Effort Intensifies to Recycle Old Fishing Nets
November 1, 2018
A research scientist intent on helping the seafood industry dispose of old fish nets, preferably by recycling them into ingredients for actual new products, met this past week in Anchorage with an eclectic group offering a variety of potential uses for tons of discarded nets.
Key to success in this program (netyourproblem.com), says former fisheries observer Nicole Baker, who now works with fisheries professors at the University of Washington, is to see these old nets as raw material for new products.
Baker held her Alaska Net Hack Challenge in Anchorage, with a simultaneous event in Kodiak, at Anchorage Makerspace, a non-profit facility that provides everything from 3D printers and a professional laser cutter to electronics and woodworking equipment.
The group, which included engineers and a federal fisheries analyst, designed and produced a variety of basic product samples ranging from stiff bristle deck brushes to filament for 3-D printers, to display boards, backpacks and soccer goal nets, and discussed how the nets could also be used to create emergency shelters and cots for use in disaster areas.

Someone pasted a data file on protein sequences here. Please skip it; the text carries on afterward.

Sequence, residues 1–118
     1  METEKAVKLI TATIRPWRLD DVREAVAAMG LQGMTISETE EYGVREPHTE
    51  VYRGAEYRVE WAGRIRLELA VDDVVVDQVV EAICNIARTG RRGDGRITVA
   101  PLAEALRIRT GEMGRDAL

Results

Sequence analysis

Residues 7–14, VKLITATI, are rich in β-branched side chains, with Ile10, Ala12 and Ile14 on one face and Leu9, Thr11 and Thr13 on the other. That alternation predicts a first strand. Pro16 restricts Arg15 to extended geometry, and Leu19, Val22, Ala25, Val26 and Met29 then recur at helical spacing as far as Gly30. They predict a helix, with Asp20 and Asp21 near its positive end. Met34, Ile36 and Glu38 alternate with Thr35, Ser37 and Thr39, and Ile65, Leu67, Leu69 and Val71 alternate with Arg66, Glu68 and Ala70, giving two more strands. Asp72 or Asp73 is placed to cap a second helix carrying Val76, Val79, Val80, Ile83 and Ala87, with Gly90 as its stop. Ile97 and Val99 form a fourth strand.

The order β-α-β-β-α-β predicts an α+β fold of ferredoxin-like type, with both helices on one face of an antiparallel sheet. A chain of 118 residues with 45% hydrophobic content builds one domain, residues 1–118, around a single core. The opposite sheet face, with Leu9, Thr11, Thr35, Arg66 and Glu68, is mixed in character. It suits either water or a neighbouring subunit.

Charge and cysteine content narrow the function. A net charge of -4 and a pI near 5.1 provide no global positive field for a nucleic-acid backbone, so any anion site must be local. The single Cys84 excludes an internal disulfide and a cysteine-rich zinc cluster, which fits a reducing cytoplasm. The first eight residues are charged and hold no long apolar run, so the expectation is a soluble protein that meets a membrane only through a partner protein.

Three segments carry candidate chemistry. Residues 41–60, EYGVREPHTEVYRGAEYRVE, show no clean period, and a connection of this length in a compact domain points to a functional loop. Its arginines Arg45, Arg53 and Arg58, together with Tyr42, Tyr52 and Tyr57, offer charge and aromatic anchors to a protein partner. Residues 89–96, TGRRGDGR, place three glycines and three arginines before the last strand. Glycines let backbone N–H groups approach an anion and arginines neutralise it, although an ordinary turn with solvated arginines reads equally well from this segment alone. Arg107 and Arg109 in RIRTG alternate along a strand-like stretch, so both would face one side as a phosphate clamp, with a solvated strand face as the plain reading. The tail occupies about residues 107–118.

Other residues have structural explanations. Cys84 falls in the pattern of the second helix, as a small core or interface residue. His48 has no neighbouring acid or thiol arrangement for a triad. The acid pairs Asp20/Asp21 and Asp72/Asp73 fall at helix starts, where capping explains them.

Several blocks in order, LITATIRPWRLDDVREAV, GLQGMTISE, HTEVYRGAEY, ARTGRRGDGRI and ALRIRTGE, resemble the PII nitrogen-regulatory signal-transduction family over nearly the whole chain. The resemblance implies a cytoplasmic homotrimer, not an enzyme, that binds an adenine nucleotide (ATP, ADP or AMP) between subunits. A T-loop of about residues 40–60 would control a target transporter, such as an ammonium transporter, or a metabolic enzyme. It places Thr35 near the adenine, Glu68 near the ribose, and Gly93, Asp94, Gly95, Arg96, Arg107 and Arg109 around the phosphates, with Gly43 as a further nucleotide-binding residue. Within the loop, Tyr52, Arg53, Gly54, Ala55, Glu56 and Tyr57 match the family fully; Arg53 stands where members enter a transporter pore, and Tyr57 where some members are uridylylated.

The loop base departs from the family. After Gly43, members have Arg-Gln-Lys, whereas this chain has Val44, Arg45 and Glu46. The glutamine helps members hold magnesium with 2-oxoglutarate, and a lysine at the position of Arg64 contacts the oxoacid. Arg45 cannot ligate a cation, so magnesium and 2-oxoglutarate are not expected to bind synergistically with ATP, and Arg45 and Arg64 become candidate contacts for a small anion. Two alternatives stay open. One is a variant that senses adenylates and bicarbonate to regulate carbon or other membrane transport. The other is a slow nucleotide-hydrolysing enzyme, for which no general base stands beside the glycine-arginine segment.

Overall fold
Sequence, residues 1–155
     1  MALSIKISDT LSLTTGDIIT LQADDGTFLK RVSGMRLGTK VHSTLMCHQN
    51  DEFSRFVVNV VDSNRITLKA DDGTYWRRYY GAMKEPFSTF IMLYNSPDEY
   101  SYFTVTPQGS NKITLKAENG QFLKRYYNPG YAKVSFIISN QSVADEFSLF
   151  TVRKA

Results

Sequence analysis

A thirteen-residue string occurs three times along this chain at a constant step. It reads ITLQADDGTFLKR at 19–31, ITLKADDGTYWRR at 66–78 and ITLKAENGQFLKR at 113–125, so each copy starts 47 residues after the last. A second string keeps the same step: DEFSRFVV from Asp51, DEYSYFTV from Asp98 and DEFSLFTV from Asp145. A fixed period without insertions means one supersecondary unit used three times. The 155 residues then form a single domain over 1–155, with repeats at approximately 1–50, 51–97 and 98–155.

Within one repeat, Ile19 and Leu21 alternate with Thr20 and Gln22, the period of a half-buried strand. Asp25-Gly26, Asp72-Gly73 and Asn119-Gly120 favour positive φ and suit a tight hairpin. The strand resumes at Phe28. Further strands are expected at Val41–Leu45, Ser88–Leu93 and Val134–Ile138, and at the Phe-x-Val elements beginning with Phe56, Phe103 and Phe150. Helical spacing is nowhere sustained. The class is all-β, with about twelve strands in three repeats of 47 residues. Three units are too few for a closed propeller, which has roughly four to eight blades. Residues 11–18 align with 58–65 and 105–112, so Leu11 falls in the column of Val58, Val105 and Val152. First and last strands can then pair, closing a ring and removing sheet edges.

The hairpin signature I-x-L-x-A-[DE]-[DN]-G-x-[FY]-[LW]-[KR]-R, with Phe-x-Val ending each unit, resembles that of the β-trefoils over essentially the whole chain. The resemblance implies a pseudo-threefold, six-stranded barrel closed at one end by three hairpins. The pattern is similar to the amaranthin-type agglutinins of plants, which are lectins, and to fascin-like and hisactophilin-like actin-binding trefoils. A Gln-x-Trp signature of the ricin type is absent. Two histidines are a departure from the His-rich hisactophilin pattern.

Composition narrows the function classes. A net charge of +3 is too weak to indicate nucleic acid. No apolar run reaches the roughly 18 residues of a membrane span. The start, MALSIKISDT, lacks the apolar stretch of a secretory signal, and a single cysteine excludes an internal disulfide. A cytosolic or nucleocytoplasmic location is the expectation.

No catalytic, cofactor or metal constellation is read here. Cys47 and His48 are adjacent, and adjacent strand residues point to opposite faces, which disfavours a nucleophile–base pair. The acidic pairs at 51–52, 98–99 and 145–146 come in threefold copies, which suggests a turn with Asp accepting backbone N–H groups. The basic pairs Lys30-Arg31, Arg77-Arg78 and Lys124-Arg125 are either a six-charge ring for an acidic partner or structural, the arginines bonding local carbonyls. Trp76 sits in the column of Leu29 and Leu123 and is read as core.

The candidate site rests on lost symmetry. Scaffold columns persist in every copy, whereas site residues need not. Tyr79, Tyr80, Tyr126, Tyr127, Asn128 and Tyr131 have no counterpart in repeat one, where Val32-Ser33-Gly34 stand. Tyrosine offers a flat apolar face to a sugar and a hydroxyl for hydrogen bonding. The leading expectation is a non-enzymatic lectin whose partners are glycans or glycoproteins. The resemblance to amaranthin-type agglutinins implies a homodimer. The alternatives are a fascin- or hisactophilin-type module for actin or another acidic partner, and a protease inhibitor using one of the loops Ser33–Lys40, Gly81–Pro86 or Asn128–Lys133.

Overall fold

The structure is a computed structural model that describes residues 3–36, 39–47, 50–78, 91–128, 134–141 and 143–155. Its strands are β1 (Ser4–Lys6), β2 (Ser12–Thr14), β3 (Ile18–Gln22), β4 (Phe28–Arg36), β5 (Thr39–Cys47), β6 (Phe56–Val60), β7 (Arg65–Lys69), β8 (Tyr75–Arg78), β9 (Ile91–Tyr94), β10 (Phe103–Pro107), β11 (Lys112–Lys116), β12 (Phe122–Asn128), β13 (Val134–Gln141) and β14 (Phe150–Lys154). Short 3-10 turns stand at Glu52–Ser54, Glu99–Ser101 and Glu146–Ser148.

Baker collaborated with Joel Cladouhos, director of the Anchorage-based Alaska Ocean Cluster initiative, and others for the event, including representatives from NOAA and a private equity fund. Cladouhos is also the founder and organizer for the Ocean Technology Innovation Sprint, or OTIS, developed in conjunction with the Alaska Ocean Cluster Initiative, bering sea Fishermen's Association and the University of Alaska's Business Enterprise Institute.
Baker's passion for net recycling stems from when she was a fisheries observer traveling in and out of Dutch Harbor and saw piles of discarded nets weighing thousands of pounds. Through her collaborative efforts in the industry some of those nets were shipped out last summer to Europe for processing into materials to make new products.
The next step will be to work on design details and determine which products could become economically viable.